Chinese Walnut Cookies on Meringue Nests

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The early morning light is my bolthole before the day’s heartbeat ramps up. Right now I hold a small morsel of chocolate shortcake from my school library’s café, ashamed it’s not exactly what’s featured in today’s post, but its texture is reminiscent of just that.

Chinese New Year is still in the works, but its official advent last week was all the prick I needed to get myself busy in the kitchen, playing and toying with random festive ideas to half fool myself into thinking, as the only Chinese in the house, that pineapple tarts, oranges, ang baos (red money-filled packets) and all sorts of goodies were right there with me, emanating a pink blossom-hued energy, a light.

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These walnut cookies are little gems. Based off your traditional Chinese walnut cookies, which are very literally melt-in-your-mouth, the dough bursting with fresh chopped walnuts, brushed with an egg glaze and topped with raw walnut halves.

Their characteristic crumbly, buttery state got me thinking: this could pair more than well with a slightly unforeseen texture. My penchant for anything chew and goo may not be known far and wide but that’s precisely what I thought would tie it all together, and the answer, I knew, lay in the all-exclusive meringue. It did take a few tries before the right meringue consistency was achieved– too hard a meringue nest would fail to complement the more robust nature of the cookie, and the whole thing would corrode and disintegrate easily.

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This was a perfect surprise, for myself and a few family members. You bite into what’s almost like a paradox of taste. the buttery, femininity cookies are maturely ground, hard-bred, by the earthy and almost indelicate walnuts. Teeth sink a little further and are welcomed by the soft crackle of just-hardened meringue nest, still filled with white chewy goo in their hollows. Perfect by themselves, or with teeth-cleaning mandarins.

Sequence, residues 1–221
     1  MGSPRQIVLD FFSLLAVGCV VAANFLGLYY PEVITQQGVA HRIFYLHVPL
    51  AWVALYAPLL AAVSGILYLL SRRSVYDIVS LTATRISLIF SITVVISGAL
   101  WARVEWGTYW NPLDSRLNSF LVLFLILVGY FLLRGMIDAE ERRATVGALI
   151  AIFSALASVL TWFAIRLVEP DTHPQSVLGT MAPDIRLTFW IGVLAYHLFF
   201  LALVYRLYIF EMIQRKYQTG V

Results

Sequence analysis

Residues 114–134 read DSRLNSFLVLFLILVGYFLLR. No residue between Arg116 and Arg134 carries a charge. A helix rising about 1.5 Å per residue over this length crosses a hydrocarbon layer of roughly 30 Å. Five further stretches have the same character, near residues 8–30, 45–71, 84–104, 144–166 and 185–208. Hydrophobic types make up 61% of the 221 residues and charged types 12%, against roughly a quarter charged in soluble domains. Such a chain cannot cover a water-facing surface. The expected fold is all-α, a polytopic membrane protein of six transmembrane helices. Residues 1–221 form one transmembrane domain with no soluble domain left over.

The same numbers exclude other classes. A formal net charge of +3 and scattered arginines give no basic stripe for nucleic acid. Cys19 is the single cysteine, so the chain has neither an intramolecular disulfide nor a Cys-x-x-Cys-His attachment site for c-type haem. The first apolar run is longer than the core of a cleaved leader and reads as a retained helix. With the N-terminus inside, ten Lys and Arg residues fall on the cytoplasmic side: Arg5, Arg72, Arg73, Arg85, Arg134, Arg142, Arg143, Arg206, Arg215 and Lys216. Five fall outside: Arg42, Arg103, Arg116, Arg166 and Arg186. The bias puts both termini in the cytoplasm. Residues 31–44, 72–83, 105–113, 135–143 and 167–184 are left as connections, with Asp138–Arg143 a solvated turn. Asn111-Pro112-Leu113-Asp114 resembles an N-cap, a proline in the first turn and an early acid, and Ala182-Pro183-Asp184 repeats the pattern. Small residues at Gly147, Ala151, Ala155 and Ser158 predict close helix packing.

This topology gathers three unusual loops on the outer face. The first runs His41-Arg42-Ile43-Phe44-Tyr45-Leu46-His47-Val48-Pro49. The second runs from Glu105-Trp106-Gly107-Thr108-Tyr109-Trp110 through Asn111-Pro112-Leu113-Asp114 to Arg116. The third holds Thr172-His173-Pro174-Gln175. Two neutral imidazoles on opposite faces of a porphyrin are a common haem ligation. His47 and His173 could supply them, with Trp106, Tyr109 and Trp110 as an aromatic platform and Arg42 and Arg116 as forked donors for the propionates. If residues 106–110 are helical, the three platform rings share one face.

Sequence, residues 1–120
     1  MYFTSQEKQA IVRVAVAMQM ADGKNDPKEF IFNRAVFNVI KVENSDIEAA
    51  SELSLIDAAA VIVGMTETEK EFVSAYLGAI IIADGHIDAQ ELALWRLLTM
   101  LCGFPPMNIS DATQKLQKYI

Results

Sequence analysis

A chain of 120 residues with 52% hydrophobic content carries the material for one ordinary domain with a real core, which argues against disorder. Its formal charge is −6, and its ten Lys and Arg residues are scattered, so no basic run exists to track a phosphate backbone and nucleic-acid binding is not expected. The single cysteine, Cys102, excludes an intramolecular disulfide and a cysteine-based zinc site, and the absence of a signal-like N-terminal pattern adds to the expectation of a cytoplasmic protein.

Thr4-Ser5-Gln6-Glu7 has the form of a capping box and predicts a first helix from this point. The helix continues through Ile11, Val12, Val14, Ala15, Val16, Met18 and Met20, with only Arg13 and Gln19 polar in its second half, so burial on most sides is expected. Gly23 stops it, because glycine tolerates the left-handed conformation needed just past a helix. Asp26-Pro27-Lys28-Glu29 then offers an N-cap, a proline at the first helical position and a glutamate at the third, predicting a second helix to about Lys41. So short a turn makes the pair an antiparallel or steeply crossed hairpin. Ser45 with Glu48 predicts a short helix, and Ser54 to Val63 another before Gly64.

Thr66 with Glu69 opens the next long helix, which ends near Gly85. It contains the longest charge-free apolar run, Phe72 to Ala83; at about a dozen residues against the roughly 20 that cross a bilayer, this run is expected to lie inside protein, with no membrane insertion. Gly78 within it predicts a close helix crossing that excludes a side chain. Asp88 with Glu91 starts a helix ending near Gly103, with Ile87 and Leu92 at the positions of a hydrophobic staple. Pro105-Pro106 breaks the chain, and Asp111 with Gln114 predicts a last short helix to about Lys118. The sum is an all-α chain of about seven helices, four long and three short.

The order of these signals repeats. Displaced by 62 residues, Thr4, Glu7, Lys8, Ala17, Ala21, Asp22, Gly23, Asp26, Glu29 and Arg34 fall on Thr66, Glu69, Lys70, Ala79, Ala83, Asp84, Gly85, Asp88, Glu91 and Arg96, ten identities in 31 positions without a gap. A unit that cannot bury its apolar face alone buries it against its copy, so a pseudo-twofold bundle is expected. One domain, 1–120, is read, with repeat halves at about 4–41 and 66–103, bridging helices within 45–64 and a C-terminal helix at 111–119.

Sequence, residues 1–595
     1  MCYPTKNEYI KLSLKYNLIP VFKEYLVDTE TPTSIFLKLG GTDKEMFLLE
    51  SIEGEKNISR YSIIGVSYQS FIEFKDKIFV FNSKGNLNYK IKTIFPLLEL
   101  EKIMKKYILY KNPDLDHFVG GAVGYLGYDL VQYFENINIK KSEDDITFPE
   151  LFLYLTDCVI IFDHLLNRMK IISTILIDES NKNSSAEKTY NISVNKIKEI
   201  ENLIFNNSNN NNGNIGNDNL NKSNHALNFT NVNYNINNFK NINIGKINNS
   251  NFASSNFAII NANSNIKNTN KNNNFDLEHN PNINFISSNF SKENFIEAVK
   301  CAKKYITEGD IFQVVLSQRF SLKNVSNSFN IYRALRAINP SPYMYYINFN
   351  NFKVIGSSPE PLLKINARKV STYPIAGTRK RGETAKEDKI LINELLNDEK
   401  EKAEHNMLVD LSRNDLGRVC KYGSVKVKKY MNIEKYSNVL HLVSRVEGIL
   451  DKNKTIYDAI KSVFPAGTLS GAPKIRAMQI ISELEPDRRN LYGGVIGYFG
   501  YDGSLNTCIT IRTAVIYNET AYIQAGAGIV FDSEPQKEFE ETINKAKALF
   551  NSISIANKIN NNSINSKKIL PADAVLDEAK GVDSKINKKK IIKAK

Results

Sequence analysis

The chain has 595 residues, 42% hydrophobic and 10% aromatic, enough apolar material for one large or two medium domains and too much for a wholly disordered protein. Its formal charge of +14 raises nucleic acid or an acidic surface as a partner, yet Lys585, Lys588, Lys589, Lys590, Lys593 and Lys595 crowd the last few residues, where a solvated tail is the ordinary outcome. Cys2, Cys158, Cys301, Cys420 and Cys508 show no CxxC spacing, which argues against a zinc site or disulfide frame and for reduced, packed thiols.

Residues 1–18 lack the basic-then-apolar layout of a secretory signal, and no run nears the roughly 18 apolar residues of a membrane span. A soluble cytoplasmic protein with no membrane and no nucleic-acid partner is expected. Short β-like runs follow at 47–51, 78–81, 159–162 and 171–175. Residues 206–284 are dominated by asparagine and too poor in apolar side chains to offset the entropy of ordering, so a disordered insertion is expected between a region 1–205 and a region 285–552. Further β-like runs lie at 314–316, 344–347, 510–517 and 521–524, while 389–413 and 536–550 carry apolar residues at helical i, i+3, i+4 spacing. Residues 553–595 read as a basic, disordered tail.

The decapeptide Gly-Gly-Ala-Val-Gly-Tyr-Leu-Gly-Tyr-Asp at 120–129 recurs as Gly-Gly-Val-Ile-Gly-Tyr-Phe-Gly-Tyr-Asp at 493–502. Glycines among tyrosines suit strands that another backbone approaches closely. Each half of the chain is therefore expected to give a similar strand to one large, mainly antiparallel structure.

Chinese Walnut Cookies on Meringue Nests (makes 6 cookies, scale up as needed)

Ingredients

For the cookies:

125g plain flour

1/4 tsp each of baking powder and baking soda

pinch salt

40g butter, unsalted and at room temperature (sub: vegan butter)

40g sugar

1/2 a beaten egg, about 30g (sub: half a flax egg made by mixing 1 tbsp flax with 2 tbsp water, of which you can save half for later in the process, or 30g vegan egg replacement)

30g finely chopped walnuts (do this yourself or buy ready-made chopped walnuts)

6 walnut halves

 

For the meringue:

100g white caster sugar

2 egg whites (sub: vegan egg whites, and I have heard you can use chickpea water for this!)

 

Directions:

Preheat your oven to 180C (350F). In a medium bowl, whisk together the flour, salt and both baking powder and baking soda. In a separate bowl, cream together the butter and sugar. I just used a spoon for this; it’s easy when your butter is at room temperature. Tip this into the flour mix, alongside the chopped walnuts and half the beaten egg. The mix should be very dry and only just come together when you mix this by hand. I suggest using your hands here as it’s easy and you can feel when the dough just comes together.

Prep cookies on pan– grease a baking tray and take 42-43.3g of dough for each cookie. Roll each bit of dough into a ball, place on the tray, then press a fresh walnut half onto the top. You should get 6 cookies from this batch. Brush the cookies with the remaining egg, then bake in your preheated oven for 20 minutes. Once the cookies are done, leave to cool on the counter and turn the temperature down to 100C (212F).

Make the meringue. In a clean bowl and with a clean electrical hand whisk, beat the egg whites until they go frothy. Add the sugar a tablespoon at a time until you get a glossy, opaque white meringue. Spoon tablespoons of this onto a silicone or non-stick baking tray and flatten slightly so you get 6 discs out of the volumes stated above. Bake the discs for 1.5 hours (90 minutes), and check that they haven’t burnt or anything, for sometimes ovens really do stupid things, at the 1-hour mark. The surface should be a pale pink-brown colour, cracking into one should have little effort and the middle should still be white and gooey.

Press each cookie into the tops of the meringues. These are best eaten immediately for optimum enjoyment of the texture interplay, though they can be stored for a few days in an airtight container.

 

 

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